Provost’s Colloquium Series Finishes Semester with The Expat: A History of Posting American Employees in Germany in the Post-Cold War Era

Posted by: Elizabeth Richardson on April 14, 2017, One Comment

As part of the East Stroudsburg University Spring 2017 Provost’s Colloquium Series, Christopher Brooks, Dr. phil., associate professor of history, will give a talk titled The Expat: A History of Posting American Employees in Germany in the Post-Cold War Era, on April 19 in Beers Lecture Hall at 5:30 p.m.

Dr. Brooks will discuss his book Expats in Germany – Inbound and Outbound: Questions Frequently Asked by Foreigners, published by DeGrutyer, which will be on book shelves this month together with another project titled “The Expat: A History of Posting American Employees in Germany in the Post-Cold War Era.” He will talk about the experiences American expats working in Germany had after the reduction in American military presence that coincided with the Cold War’s end. He’ll touch upon the commonly held belief that the drawdown of U.S. troops led to Americans being treated less fairly in the German workplace. His findings challenged his preliminary hypothesis.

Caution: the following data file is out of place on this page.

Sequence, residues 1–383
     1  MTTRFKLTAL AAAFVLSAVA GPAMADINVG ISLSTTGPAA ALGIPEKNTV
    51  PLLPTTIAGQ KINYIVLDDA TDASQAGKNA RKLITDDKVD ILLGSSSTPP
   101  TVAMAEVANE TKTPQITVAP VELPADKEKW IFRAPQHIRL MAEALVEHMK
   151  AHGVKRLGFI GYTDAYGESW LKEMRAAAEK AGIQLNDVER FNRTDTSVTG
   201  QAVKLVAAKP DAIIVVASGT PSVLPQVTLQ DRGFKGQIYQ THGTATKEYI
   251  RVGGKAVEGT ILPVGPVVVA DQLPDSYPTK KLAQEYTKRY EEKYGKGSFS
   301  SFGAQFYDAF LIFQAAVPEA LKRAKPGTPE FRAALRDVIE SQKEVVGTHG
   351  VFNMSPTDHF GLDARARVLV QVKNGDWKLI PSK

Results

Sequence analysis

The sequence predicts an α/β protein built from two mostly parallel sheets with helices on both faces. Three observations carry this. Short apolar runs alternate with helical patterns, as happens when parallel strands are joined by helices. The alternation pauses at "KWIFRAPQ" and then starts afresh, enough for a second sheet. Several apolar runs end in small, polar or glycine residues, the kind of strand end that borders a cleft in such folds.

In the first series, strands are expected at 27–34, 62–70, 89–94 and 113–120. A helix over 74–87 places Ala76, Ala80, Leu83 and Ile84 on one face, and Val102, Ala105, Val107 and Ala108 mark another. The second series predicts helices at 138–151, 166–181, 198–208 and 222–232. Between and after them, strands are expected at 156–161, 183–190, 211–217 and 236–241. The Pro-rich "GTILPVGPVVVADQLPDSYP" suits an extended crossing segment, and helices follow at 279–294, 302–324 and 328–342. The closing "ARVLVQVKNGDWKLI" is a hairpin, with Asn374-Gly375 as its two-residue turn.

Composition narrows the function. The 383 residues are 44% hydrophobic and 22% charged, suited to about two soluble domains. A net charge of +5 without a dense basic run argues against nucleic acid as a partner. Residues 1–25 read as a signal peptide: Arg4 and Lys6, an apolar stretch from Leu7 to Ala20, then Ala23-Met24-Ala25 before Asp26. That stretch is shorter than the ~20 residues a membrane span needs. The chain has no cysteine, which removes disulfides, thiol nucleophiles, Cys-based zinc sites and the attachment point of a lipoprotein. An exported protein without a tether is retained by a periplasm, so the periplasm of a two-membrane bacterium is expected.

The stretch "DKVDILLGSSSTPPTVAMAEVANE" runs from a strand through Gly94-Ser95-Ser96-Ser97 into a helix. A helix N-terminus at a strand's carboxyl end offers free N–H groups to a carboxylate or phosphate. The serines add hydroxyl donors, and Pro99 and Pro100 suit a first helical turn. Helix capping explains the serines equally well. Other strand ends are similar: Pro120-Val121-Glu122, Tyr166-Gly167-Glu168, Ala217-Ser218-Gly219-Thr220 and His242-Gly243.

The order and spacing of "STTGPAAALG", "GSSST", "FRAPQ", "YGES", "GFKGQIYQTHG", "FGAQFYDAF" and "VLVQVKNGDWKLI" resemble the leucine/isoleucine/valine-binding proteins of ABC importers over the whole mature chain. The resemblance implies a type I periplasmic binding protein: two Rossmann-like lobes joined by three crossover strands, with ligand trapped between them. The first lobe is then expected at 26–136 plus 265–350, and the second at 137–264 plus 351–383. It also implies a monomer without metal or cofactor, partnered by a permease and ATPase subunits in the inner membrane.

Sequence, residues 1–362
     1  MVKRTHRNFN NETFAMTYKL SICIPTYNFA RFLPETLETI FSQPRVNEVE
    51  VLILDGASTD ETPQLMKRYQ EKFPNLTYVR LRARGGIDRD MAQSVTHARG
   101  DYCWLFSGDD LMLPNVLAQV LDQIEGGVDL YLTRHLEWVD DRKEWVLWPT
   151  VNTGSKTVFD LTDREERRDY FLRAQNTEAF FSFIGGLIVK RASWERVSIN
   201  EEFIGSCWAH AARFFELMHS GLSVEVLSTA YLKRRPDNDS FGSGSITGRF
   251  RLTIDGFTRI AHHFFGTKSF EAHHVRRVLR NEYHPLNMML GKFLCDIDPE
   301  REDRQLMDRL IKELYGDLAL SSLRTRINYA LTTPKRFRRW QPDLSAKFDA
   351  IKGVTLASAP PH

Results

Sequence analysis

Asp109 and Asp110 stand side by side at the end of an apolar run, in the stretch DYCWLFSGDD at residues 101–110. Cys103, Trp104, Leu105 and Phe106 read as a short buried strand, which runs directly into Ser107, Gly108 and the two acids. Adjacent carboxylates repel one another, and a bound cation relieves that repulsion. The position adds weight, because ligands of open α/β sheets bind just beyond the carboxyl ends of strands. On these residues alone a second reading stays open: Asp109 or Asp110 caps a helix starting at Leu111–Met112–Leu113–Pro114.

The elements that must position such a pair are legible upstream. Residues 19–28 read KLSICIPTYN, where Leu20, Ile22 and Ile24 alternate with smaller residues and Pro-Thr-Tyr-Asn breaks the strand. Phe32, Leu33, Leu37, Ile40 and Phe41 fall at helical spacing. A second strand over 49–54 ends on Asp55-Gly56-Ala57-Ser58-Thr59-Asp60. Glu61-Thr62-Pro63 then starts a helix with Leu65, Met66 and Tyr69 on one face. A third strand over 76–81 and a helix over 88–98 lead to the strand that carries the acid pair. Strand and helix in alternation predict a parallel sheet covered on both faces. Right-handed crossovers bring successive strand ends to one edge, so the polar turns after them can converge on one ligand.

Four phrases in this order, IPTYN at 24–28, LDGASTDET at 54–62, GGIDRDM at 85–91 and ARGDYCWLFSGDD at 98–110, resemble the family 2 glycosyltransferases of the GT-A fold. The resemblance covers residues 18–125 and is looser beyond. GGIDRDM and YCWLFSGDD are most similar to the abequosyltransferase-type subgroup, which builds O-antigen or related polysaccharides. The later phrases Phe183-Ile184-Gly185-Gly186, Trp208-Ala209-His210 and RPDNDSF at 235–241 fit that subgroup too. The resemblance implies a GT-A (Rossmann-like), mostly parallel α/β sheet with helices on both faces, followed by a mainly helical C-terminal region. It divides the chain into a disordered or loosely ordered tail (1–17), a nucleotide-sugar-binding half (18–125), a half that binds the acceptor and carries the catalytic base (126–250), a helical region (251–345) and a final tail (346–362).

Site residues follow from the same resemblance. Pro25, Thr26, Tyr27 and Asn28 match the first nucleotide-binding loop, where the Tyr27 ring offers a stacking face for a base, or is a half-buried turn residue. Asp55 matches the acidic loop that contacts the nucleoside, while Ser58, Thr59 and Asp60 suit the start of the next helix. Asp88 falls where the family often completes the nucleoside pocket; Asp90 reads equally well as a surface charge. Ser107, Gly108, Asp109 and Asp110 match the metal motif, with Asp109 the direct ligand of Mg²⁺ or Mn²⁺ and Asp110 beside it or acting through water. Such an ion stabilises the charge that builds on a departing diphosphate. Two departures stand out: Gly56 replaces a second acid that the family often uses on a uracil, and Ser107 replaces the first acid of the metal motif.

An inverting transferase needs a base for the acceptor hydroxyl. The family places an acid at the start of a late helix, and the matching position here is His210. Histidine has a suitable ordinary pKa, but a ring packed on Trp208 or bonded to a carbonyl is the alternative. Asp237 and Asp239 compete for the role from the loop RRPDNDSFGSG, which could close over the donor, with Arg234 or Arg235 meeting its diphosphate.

Implemented by ESU Provost Joanne Bruno, J.D., the Provost’s Colloquium Series is designed to create an intellectual experience that promotes dialogue among faculty, staff, students and the community through a series of events highlighting developments in all disciplines and professions. This is the final presentation in the ESU Spring 2017 Provost’s Colloquium Series.  A new lineup of lectures will be launched in the fall.

For more information about the Provost’s Colloquium Series, contact Christina McDonald, director, office of sponsored projects and research, at (570) 422-7954 or cmcdonald9@esu.edu.



One Response to “Provost’s Colloquium Series Finishes Semester with The Expat: A History of Posting American Employees in Germany in the Post-Cold War Era”


Rhonda Miller

Posted April 14, 2017 at 9:00 PM

Congrats, Dr. Brooks, on your recent publication! Sounds like a fascinating study.